The Christians of Norwich appeared to have quickly blamed local Jews for the crime, and to have demanded justice from the local ecclesiastical court. Members of the Jewish community were asked to attend the court and submit to a trial by ordeal, but the local sheriff, John de Chesney, advised them that the ecclesiastical court had no jurisdiction over them, as they were not Christians. He then took the Jews into protection in the castle. After the situation had calmed down, they returned to their homes. The issue was revived two years later, when a member of the Jewish community was murdered in an unrelated incident. King Stephen agreed to look into the matter, but later decided to let it drop.[7]

In the meanwhile, William's body had been moved to the monks' cemetery. Some of the local clergy attempted to create a cult around him as a martyr. There is no evidence that the initial accusations against the Jews implied that the murder was related to ritual activity of any kind, but as the cult developed, so did the story of how and why he was killed.[5][7]

Thomas' version of events

The crucifixion of William depicted on a rood screen in Holy Trinity church, Loddon, Norfolk

Thomas of Monmouth arrived in Norwich around 1150. He decided to investigate the murder by interviewing surviving witnesses. He also spoke to people identified as "converted Jews" who provided him with inside information about events within the Jewish community. He wrote up his account of the crime in the book The Life and Miracles of St William of Norwich.[7]

In Thomas of Monmouth's account, of the murder he writes that “having shaved his head, they stabbed it with countless thornpoints, and made the blood come horribly from the wounds they made. . . some of those present ad judged him to be fixed to a cross in mockery of the Lord's Passion . . .”[9] William's body was later said to have been found in Thorpe Wood with a crown of thorns atop his head.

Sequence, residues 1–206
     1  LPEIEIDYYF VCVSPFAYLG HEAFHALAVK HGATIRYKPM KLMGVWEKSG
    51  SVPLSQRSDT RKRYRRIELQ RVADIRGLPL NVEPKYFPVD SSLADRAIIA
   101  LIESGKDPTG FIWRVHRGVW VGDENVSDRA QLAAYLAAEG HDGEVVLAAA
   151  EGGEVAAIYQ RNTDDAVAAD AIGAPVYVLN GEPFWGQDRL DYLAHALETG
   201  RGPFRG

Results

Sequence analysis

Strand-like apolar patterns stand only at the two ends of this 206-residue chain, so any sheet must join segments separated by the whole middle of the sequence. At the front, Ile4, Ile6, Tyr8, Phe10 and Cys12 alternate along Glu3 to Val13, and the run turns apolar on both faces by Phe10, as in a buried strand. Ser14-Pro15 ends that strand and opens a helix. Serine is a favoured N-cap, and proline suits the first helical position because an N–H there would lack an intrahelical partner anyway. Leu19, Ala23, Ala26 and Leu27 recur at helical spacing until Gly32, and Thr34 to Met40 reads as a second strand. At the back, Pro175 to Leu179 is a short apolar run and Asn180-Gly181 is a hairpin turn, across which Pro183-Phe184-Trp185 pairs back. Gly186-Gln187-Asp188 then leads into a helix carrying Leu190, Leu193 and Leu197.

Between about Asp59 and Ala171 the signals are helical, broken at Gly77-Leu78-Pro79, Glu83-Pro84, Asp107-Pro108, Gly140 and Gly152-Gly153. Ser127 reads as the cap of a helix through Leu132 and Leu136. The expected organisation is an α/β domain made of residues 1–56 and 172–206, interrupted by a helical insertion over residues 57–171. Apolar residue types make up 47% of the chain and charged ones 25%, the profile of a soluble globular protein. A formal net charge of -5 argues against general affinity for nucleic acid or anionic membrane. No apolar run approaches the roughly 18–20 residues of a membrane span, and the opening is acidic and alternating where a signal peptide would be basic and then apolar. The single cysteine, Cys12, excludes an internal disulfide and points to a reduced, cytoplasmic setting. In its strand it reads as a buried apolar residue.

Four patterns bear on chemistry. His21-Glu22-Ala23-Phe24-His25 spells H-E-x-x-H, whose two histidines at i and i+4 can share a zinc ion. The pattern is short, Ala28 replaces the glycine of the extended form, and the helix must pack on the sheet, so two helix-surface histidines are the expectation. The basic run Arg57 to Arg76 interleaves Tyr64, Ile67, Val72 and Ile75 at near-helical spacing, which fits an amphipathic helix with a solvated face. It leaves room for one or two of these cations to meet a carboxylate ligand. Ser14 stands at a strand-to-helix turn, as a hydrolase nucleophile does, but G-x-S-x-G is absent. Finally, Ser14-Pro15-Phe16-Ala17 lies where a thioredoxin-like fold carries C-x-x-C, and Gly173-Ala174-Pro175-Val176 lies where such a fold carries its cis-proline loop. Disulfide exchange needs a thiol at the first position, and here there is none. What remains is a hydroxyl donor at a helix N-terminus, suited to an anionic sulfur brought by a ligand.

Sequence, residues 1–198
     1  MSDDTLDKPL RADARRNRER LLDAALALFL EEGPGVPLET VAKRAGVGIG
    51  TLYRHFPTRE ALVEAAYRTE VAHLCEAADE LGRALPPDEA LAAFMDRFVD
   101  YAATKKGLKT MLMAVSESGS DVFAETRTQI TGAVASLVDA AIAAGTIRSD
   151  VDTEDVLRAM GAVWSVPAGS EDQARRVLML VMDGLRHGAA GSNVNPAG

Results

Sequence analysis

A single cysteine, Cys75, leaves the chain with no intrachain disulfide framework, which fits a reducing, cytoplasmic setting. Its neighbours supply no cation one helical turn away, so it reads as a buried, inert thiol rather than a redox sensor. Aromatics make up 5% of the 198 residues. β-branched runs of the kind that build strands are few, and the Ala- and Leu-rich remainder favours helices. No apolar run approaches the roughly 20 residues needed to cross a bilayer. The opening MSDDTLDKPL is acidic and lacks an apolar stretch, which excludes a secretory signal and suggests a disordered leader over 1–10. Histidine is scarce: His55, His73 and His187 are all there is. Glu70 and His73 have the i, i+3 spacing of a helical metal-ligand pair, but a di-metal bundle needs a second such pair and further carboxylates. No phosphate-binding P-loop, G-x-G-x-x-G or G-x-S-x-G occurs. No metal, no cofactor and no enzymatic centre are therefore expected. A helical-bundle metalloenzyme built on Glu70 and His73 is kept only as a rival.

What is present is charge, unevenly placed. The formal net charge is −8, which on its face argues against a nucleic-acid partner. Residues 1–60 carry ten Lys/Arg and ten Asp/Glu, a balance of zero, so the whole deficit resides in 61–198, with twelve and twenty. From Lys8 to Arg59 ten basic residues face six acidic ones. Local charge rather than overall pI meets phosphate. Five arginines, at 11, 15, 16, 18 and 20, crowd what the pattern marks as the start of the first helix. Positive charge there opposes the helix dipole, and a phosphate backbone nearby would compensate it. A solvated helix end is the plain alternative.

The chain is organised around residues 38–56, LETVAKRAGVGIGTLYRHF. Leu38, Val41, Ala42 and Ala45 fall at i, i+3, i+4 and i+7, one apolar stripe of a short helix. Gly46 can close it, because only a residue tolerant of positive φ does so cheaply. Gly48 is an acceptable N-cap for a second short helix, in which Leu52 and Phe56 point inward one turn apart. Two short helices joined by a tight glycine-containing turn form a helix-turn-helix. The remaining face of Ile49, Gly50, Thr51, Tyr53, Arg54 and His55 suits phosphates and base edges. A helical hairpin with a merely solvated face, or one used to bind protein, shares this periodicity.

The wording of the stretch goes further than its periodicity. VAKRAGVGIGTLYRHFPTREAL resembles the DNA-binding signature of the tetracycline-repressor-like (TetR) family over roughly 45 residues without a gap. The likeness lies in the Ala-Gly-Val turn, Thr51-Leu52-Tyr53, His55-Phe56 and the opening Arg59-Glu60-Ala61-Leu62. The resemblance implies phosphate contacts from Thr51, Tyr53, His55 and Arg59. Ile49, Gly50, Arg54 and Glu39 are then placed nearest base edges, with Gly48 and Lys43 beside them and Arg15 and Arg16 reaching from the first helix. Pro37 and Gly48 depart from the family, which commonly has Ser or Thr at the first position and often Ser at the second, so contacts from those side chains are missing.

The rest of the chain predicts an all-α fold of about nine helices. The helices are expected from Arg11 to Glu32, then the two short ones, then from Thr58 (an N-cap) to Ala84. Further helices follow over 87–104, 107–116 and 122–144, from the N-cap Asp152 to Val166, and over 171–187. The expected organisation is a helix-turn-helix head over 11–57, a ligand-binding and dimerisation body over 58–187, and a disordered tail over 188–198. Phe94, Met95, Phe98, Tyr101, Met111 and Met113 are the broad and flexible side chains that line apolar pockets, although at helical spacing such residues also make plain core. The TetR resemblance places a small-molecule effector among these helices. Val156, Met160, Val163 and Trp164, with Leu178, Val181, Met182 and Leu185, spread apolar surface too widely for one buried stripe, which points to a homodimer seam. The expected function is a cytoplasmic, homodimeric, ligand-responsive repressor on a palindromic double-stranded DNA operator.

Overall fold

One convert, called Theobald of Cambridge, told Thomas that there was a written prophecy which stated that the Jews would regain control of Israel if they sacrificed a Christian child each year. Every year, Jewish leaders met in Narbonne to decide who would be asked to perform the sacrifice; in 1144, the Jews of Norwich were assigned the task. According to Thomas, the man who claimed to be a cook had been employed to entice William into the house where the sacrifice would occur. William was initially treated well, but was then bound, gagged and suspended in a cruciform position in a room where he was tortured and murdered in a manner imitating the Crucifixion of Jesus: the Jews lacerated his head with thorns and pierced his side. His body was then dumped in the nearby woods.[7]

Thomas supports this claim by saying that one converted Jew told him that there was an argument over how to dispose of the body. He also says that a Christian servant woman glimpsed the child through a chink in a door. Another man is said to have confessed on his deathbed, years after the events, that he saw a group of Jews transporting a body on a horse in the woods.[7]